Our study described the neuropsychological profile of psychotic major depression (PMD) compared to nonpsychotic major depression (NPMD) patients and psychiatrically healthy controls (HC). We predicted that higher cortisol levels would be associated with greater cognitive deficits.Twenty-nine PMDs, 24 NPMDs, and 26 HCs were recruited at Stanford University Medical Center. Psychiatric ratings, cortisol levels from 1800-0900 hours, and neuropsychological test data were obtained.PMDs had more severe cognitive impairments compared with NPMDs and HCs with the exception of simple verbal attention. PMDs had elevated mean cortisol levels from 1800 to 0100 hours which were significantly correlated with poorer verbal memory and psychomotor speed performance. Cortisol slopes from 1800 to 0100 hours were also significantly correlated with verbal memory and working memory.While PMDs' ability to attend passively to information appears intact, they have more difficulty processing, manipulating, and encoding new information. Elevated cortisol levels, as seen in PMD patients, are associated with poorer cognitive performance especially related to verbal memory for lists of words and working memory.

    View details for DOI 10.1016/j.biopsych.2005.11.010

    View details for Web of Science ID 000240506000007

    View details for PubMedID 16483550

  • Cortisol circadian rhythm alterations in psychotic major depression BIOLOGICAL PSYCHIATRY Keller, J., Flores, B., Gomez, R. G., Solvason, H. B., Kenna, H., Williams, G. H., Schatzberg, A. F. 2006; 60 (3): 275-281


    Increased hypothalamic-pituitary-adrenal axis activity is well described in psychotic depression with an emphasis on 24-hour, urinary free cortisol levels or dexamethasone suppression tests. There are limited data on cortisol levels during specific times of the day.Patients with depression with (PMD) and without (NPMD) psychosis and healthy control subjects were studied using rating scales of depression and psychosis and measures of HPA activity, including overnight cortisol and adrenocorticotropin levels. We used analysis of variance to determine group differences and regression analyses to assess contributions of specific measures to cortisol levels.PMDs had higher cortisol during the evening hours than did NPMDs or control subjects, who did not differ from one another. Regression analyses suggest that depression and the combination of depressive and psychotic symptoms were important contributors to variance in evening cortisol.PMD is associated with increased cortisol levels during the quiescent hours. Enhanced cortisol activity, particularly a higher nadir, was related to depression severity and the interaction of depressive and psychotic symptoms. This increase suggests a defect in the action of the circadian timing system and HPA axis, creating a hormonal milieu similarly seen in early Cushing's syndrome and potentially an (im)balance of mineralocorticoid and glucocorticoid receptor activity.

    View details for DOI 10.1016/j.biopsych.2005.10.014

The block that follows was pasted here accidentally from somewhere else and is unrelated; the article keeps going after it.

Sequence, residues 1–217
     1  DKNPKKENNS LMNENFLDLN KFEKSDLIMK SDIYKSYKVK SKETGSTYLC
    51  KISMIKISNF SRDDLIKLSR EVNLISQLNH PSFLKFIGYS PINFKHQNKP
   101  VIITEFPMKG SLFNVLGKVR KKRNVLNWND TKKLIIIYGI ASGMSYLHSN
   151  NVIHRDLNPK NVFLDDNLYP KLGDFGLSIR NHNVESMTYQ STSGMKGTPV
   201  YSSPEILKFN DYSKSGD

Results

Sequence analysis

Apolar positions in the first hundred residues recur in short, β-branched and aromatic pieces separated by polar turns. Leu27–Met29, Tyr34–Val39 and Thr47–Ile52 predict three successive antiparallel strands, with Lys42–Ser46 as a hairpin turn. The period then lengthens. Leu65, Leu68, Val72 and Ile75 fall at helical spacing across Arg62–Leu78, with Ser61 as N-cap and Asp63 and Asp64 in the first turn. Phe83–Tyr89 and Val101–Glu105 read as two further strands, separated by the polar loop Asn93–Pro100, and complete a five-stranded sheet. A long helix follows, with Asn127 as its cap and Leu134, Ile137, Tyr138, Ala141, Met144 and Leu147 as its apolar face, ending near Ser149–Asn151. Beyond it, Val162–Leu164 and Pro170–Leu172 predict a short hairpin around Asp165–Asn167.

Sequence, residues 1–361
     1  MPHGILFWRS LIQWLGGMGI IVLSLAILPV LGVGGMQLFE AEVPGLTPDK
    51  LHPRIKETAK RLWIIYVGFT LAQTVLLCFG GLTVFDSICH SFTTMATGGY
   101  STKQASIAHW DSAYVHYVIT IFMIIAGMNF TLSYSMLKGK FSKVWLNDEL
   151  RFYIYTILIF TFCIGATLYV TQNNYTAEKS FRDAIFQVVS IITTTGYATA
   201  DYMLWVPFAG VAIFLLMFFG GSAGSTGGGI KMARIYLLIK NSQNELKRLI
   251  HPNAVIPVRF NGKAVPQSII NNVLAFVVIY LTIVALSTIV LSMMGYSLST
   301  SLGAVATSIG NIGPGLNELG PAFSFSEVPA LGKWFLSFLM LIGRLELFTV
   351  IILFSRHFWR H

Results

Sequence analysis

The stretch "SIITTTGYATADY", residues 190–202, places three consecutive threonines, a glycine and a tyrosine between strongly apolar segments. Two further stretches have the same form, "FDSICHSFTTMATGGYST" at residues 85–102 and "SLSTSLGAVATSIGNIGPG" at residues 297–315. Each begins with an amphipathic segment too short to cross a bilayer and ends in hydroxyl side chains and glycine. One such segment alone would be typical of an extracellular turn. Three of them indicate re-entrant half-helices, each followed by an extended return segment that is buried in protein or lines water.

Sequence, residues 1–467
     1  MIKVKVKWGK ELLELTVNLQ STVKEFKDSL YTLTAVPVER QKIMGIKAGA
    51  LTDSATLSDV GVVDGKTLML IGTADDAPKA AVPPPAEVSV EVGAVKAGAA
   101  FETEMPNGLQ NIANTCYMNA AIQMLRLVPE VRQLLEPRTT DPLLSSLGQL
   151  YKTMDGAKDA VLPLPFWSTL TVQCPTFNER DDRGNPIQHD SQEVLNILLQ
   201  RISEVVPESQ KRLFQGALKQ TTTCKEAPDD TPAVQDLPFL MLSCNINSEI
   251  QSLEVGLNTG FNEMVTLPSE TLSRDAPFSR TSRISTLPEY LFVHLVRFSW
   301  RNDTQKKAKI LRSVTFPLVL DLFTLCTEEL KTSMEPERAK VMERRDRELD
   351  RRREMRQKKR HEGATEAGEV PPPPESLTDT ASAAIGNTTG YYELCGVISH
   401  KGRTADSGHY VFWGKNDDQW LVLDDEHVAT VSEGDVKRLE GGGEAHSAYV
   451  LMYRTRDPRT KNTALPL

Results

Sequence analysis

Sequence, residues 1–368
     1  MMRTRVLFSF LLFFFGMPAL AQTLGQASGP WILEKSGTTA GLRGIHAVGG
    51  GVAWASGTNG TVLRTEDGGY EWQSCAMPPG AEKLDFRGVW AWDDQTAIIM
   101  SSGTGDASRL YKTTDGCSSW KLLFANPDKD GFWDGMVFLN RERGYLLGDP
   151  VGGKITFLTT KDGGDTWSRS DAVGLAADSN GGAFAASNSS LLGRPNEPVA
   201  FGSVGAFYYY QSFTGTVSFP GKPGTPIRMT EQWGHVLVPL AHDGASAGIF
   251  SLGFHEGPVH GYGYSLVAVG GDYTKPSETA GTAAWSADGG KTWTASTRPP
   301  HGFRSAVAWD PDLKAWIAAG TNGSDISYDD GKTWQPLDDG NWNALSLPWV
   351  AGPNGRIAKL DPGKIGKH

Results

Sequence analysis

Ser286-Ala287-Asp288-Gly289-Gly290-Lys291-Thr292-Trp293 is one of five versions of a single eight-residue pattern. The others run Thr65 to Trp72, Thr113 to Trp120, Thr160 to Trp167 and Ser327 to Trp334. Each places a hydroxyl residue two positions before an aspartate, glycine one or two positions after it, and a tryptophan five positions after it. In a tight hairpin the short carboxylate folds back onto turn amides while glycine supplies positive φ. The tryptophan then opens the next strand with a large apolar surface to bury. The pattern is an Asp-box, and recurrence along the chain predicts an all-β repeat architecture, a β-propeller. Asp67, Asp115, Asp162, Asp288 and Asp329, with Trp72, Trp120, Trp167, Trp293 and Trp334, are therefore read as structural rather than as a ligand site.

View details for Web of Science ID 000239543800009

    View details for PubMedID 16458262

  • Clinical and biological effects of mifepristone treatment for psychotic depression NEUROPSYCHOPHARMACOLOGY Flores, B. H., Kenna, H., Keller, J., Solvason, H. B., Schatzberg, A. F. 2006; 31 (3): 628-636


    Psychotic major depression (PMD) is found to be a relatively common psychiatric condition that affects up to nearly 20% of patients with major depression. Previous studies by our group have shown rapid reversal of psychotic symptoms in some PMD patients treated with mifepristone, in addition to restoring a more normal afternoon cortisol release. The rationale for treating patients with PMD with a glucocorticosteroid receptor antagonist is further discussed. In total, 30 patients with PMD were treated with either 600 mg/day mifepristone or placebo for 8 days in a randomized double-blind manner. The Hamilton Depression Rating Scale (HDRS) and the Brief Psychiatric Rating Scale (BPRS) were administered at baseline and again after 8 days of treatment. Cortisol and ACTH were measured hourly from 1800 to 0900 at baseline and after 8 days of treatment. Significantly, more patients in the mifepristone group (seven of 15) showed a 50% or greater decline on the BPRS positive symptom subscale, an index of psychotic symptoms, as compared to the placebo group (two of 15). Patients who received mifepristone had lower HDRS and BPRS scores at study completion compared to those who received placebo, but these differences were not statistically significant. In addition, mifepristone significantly elevated cortisol and ACTH levels and steepened ascending slopes from 1800 to 0100 and from 0100 to 0900 as compared to placebo. Clinical and biological effects of mifepristone were comparable among males and females. Age was found to significantly and positively correlate with changes in cortisol and ACTH. These results suggest that short-term use of mifepristone may be effective in the treatment of PMD and may re-regulate the HPA axis. Additional blinded studies are warranted.

    View details for DOI 10.1038/sj.npp.1300884